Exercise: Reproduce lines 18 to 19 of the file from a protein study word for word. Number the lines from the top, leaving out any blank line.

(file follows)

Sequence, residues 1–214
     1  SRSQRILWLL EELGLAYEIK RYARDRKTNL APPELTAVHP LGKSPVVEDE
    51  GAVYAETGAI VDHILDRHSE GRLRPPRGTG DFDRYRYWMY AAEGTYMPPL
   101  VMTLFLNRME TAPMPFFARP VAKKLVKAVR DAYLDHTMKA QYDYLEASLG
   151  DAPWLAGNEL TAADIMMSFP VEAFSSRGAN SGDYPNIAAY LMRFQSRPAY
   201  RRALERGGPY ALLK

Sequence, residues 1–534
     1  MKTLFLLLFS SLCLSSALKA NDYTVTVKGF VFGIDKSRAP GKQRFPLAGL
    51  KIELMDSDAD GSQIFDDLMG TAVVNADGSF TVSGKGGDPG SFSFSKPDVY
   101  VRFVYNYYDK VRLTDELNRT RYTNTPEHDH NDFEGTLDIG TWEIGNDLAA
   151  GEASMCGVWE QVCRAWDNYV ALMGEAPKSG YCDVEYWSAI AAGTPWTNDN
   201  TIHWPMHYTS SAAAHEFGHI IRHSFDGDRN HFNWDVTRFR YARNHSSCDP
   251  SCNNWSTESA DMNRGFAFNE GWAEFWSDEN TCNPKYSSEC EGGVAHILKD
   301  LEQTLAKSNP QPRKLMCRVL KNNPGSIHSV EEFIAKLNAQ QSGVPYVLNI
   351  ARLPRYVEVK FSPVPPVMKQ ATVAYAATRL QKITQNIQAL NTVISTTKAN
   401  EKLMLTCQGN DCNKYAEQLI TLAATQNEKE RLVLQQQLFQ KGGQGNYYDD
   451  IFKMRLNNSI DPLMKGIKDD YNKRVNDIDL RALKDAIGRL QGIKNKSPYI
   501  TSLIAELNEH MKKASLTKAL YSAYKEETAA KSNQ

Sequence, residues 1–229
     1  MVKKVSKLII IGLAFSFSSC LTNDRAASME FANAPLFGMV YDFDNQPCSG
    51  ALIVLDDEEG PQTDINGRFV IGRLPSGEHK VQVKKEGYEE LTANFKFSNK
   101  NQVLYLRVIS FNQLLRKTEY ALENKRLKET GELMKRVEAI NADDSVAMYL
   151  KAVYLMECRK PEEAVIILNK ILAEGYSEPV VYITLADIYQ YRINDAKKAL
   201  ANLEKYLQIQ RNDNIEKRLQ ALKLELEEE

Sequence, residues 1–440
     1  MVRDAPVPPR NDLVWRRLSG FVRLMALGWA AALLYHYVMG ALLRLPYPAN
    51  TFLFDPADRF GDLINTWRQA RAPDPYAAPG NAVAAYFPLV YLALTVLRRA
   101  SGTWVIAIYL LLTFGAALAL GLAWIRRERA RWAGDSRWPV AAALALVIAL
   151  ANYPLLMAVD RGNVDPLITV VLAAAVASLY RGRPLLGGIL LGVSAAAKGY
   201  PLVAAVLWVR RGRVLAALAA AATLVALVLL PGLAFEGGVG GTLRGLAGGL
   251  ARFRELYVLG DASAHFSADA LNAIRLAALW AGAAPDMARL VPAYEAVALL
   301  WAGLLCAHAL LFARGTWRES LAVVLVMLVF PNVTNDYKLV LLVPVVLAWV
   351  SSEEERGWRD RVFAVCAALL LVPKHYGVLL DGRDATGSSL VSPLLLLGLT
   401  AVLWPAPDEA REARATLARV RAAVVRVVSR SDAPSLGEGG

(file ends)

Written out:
   501  TSLIAELNEH MKKASLTKAL YSAYKEETAA KSNQ

Sequence, residues 1–229